Set of Six Antique English Porcelain Dishes Hand Painted by Derby, circa 1810

$2,100.00

A set of six English hand-painted Derby porcelain dishes made in the early 19th century, circa 1810. The dishes have a dramatic combination of floral and geometric design featuring lavish gilding and alternating panels of red-berried hops and blue cornflower with green leaves. On the reverse of each dish is the Derby crown mark in iron-red used in the factory from 1800-1825.

Dimensions: 8″ diameter
Condition: Excellent.      Price: $2,100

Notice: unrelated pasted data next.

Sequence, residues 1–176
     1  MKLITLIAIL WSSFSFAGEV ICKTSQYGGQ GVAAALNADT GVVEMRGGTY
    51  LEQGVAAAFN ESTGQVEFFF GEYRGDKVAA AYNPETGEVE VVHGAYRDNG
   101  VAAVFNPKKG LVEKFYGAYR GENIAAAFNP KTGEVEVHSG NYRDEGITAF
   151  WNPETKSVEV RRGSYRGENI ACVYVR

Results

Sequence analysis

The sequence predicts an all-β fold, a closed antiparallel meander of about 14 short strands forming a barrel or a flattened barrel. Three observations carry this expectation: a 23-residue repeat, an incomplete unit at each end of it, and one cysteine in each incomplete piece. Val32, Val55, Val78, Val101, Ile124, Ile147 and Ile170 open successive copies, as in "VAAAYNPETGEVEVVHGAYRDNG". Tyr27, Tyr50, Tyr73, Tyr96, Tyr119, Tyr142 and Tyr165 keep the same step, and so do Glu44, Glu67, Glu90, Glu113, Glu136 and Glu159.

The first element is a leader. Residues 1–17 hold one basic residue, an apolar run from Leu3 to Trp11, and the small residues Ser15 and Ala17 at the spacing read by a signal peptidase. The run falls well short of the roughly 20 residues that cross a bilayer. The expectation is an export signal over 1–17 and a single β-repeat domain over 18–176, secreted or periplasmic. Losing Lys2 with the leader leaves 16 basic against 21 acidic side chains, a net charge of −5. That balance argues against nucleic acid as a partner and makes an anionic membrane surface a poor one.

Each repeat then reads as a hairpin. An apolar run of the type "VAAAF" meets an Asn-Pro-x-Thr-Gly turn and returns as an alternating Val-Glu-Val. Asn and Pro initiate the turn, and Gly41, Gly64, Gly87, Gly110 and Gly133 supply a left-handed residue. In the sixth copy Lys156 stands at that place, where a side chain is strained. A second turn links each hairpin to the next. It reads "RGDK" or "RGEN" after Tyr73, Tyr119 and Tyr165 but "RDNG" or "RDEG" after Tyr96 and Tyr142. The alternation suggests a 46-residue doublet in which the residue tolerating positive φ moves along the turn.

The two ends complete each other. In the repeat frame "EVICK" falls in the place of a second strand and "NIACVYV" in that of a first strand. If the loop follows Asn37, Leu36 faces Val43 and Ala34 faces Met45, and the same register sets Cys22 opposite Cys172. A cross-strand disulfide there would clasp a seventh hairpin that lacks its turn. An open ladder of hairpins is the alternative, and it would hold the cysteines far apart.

Out of stock

 


Background of Derby Porcelain
The production of the earliest Derby porcelain dates from the first half of the 18th century. The production of porcelain in Derby predates the commencement of the porcelain works of William Duesbury, started in 1756 when he joined Andrew Planche and John Heath to create the Nottingham Road factory, which later became Royal Crown Derby when King George III awarded Duesbury the rare honor of being allowed to incorporate His Majesty’s Crown into the Derby back stamp. Ever since then, the company has been known as Royal Crown Derby.
The first printed mention of the Derby factory dates from December 1756, when an advertisement in the Public Advertiser urged readers to participate in a sale by auction in London, sponsored by the Derby Porcelain Manufactory.

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